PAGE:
​​​Getting Hired​

The Lime Network​

Acing the Interview

The traditional face-to-face interview can be particularly stressful when you have a disability, especially a visible disability. Hiring managers and employers may have had little prior experience with persons with disabilities and may react with discomfort or even shock to the appearance of a wheelchair, cane or an unusual physical trait. When this happens, the interviewer is often so uncomfortable that he or she just wants to “get it over with” and conducts the interview in a hurried manner. But this scenario robs you of the opportunity to present your credentials and could prevent the employer from identifying a suitable, qualified candidate for employment.

It is essential that you understand that interviewing is not a passive process where the interviewer asks all the questions and you simply provide the answers. You, even more than app​licants without disabilities, must be skilled in handling each interview in order to put the employer representative at ease. You must also be able to demonstrate your ability to manage your disability and be prepared to provide relevant information about your skills, experiences, and educational background. You may have to inform the employer of the equipment, tools and resources needed to perform the job.

To Disclose or Not to Disclose

To disclose or not to disclose, and when and how to disclose, are decisions that persons with disabilities must make for

themselves during the job search process.

Under the Americans with Disabilities Act (ADA), you are not legally obligated to disclose your disability unless it is likely to directly affect your job performance. On the other hand, if your disability is visible, it will be evident at the time of your interview so it may be more prudent to acknowledge your disability during the application process to avoid catching the employer representative off guard.

Reasons for Disclosing

You take a risk when you decide to disclose your disability. Some employers may reject your application based on negative, preconceived ideas about persons with disabilities. In addition, you may feel that the issue is too personal to be publicized among strangers. On the other hand, if you provide false answers about your health or disability on an application and the truth is uncovered later, you risk losing your job. You may even be held legally responsible if you failed to inform your employer and an accident occurs that is related to your disability.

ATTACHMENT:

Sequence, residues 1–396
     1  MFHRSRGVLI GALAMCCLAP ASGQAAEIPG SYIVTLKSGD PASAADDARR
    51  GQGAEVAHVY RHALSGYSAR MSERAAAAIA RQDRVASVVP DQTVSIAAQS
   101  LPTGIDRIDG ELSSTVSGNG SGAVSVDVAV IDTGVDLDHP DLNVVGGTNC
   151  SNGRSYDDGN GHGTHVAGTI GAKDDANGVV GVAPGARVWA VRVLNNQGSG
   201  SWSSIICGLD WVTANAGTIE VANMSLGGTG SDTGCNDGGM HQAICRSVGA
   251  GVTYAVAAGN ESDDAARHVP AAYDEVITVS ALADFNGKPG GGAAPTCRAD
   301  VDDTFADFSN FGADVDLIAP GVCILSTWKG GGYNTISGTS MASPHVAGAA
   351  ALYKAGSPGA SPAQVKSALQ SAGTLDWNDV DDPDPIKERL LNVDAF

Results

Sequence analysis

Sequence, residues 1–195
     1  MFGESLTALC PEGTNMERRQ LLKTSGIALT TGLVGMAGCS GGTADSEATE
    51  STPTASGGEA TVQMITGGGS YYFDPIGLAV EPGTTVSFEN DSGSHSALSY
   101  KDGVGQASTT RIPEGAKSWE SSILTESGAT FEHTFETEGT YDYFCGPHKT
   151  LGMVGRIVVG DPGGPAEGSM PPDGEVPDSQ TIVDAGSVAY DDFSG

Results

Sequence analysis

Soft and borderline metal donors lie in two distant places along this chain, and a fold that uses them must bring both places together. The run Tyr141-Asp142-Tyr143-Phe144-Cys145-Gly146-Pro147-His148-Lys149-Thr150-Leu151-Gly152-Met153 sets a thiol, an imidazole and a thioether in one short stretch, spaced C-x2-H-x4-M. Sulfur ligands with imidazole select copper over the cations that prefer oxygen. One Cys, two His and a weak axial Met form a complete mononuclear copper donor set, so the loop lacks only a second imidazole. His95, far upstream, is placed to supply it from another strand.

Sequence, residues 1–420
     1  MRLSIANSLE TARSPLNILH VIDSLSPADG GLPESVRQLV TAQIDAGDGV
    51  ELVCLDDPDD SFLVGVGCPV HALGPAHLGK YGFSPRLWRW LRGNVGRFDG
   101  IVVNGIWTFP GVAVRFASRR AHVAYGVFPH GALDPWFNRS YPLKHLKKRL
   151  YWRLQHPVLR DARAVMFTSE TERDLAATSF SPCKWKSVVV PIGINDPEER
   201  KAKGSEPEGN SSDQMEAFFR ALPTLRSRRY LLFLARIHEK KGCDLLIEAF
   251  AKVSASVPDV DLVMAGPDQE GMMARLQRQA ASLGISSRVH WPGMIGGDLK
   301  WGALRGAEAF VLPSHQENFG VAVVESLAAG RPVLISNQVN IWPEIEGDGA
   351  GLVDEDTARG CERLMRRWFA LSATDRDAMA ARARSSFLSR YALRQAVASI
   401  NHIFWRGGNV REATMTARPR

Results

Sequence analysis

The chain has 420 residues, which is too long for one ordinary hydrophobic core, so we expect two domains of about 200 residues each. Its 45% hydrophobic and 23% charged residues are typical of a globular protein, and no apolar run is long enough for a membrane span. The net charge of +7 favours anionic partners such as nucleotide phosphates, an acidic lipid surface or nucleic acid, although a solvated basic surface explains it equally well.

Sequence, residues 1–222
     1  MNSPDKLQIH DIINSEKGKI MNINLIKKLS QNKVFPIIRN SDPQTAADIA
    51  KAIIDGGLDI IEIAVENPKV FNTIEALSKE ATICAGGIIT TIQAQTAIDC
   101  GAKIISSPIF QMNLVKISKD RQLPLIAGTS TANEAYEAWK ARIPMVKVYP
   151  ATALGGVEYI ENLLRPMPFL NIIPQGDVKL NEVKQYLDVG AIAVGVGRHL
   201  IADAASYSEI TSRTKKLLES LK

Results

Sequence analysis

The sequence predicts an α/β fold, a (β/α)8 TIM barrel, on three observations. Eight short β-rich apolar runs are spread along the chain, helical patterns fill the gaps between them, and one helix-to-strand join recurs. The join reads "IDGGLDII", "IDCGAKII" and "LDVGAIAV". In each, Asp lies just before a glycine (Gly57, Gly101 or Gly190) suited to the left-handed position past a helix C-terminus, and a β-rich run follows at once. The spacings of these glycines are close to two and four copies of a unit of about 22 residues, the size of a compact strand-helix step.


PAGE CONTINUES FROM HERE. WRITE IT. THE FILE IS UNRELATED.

Timing the Disclosure

The employer’s first contact with you will typically be through your cover letter and résumé, especially if you initially contacted the organization. There are many differing opinions on whether one should mention the disability on the résumé or in the cover letter. If you are comfortable revealing your disability early in the process, then give careful consideration to where the information is placed and how it is

stated. The cover letter and résumé should primarily outline relevant skills, experiences and education for the position for which you are applying. The reader should have a clear understanding of your suitability for the position. Therefore, if you choose to disclose your disability, the disclosure should be brief and placed near the end of the cover letter and résumé. It should never be the first piece of information that the employer sees. The information should also reveal your ability to manage your disability while performing required job functions.

​When You Get the Interview

As stated earlier, it may not be wise to hide the disability (especially a visible disability) until the time of the interview. The employer representative may be surprised, uncomfortable, or assume that you intentionally hid critical information. As a result, more time may be spent asking irrelevant and trivial questions because of nervousness, rather than focusing on your suitability for the position. Get assistance from contacts in human resources and/or your career center about the different ways to prepare the interviewer for your arrival. Take the time to rehearse what you will say before making the initial contact. If oral communication is difficult for you, have a career services professional place the call for you and explain how you plan to handle the interview. If you require support for your interview, contact human resources in advance to arrange for this assistance. Advance preparation shows that you can manage your affairs.

Source: “Students with Disabilities” by Rosita Smith ​